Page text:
Many students learn about the period where Rome declined as “The Dark Ages”. However, this term is misleading and inaccurate. First of all, the term only refers to Europe, where at the same time The Middle East and The East were thriving and busy exploring, creating and making new discoveries. Secondly, it discounts the progress and events that did happen during the time between the decline of Rome and the Renaissance. Simply because the progress and events were not enormous and full of grandeur does not mean that the entire culture was “in the dark”. Modern educators have now started to use the terms “Early Middle Ages”, “Middle Ages” and “Late Middle Ages”. It is important to note that during the Early Middle Ages the Byzantine Empire, Eastern Roman Empire and Islamic Caliphates continued to thrive and bring new culture, literature and science into the world. This is also the time that Jesus came into history and brought with him the rise of the Christian church. During the Middle Ages the likes of King Arthur re-awakened the noble traits of chivalry, heroism, honor and grace in an entire culture. During the late Middle Ages the Crusades forced the three major religions of Europe to come face to face with their differences and decide how they wanted to live together in the long-term.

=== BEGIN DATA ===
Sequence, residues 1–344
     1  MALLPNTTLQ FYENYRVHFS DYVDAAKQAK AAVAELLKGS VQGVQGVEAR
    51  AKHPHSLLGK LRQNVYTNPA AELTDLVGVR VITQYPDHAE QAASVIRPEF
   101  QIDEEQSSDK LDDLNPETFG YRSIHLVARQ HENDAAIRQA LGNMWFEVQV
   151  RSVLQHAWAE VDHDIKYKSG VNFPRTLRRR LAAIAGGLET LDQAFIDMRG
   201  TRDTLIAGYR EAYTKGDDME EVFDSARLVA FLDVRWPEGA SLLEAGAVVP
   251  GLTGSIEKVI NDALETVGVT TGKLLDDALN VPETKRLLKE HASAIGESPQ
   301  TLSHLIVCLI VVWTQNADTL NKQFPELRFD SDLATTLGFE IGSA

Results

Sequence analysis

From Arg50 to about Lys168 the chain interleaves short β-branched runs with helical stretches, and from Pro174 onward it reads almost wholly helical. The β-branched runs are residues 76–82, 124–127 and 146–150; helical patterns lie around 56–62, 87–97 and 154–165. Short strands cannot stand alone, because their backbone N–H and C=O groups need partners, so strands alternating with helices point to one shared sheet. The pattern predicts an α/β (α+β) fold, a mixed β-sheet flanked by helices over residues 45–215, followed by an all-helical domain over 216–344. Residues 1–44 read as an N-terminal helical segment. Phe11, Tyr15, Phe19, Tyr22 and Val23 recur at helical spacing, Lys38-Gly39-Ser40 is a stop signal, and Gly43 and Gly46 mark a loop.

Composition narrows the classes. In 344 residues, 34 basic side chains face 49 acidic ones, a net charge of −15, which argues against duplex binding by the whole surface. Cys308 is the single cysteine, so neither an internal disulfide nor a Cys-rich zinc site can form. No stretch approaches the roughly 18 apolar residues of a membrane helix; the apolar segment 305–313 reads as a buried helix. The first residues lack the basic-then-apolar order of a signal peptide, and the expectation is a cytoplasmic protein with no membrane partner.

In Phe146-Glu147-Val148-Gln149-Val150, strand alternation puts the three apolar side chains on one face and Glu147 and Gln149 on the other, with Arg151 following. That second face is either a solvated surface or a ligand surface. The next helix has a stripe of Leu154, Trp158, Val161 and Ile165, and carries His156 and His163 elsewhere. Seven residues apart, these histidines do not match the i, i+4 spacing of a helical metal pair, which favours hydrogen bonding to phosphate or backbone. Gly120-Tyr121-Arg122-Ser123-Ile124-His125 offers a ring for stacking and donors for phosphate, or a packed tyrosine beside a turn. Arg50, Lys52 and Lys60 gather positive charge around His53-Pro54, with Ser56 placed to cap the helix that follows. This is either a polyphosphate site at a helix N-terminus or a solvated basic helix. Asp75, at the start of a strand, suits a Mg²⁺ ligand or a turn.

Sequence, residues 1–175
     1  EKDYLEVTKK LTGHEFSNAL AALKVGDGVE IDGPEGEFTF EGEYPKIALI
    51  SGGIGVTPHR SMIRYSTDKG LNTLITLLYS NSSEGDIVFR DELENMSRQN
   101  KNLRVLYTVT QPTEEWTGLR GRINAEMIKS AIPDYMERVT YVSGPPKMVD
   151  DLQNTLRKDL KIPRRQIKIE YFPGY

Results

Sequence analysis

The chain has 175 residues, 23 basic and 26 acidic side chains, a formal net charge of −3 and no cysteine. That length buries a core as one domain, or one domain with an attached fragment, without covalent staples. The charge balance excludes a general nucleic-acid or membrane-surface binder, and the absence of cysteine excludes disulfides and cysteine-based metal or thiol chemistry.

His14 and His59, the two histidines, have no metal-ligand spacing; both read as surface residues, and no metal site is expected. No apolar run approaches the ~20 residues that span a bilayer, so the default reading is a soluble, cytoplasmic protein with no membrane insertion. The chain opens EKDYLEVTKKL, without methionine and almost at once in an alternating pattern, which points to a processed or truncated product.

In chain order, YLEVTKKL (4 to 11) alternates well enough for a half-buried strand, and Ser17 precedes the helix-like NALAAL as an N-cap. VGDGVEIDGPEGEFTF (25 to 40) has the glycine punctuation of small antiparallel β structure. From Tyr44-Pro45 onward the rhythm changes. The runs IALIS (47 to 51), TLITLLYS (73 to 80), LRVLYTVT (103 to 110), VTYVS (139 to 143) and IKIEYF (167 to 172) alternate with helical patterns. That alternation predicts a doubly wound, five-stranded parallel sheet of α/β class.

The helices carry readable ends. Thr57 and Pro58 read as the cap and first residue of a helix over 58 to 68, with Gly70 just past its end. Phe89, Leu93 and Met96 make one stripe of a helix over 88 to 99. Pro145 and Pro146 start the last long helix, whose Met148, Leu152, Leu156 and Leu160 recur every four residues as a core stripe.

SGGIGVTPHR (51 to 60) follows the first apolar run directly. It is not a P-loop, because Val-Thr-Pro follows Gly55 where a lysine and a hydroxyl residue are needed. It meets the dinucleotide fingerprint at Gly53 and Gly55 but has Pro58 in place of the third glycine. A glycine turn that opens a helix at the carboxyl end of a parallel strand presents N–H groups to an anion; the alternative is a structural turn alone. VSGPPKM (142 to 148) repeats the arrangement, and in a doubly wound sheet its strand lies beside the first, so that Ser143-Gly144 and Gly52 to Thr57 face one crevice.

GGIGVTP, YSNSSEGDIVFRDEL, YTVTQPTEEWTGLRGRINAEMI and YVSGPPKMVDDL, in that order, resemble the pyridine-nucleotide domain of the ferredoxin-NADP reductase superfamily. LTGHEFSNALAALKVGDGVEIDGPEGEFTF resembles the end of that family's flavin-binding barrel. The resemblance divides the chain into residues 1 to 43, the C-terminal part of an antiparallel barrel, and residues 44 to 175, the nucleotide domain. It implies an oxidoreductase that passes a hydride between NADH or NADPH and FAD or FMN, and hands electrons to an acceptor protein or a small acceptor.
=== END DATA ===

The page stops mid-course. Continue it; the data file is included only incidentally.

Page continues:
We start the Early Middle Ages with the slow collapse of the Roman Empire and a story of Titus, Trajan and Marcus Aurelius. Rudlof Steiner suggested that one very effective way of teaching history was to teach it through the biographies of famous people in history. Chapter Six of the Roman History Block relies heavily on biographies to teach the students about the Early Middle Ages.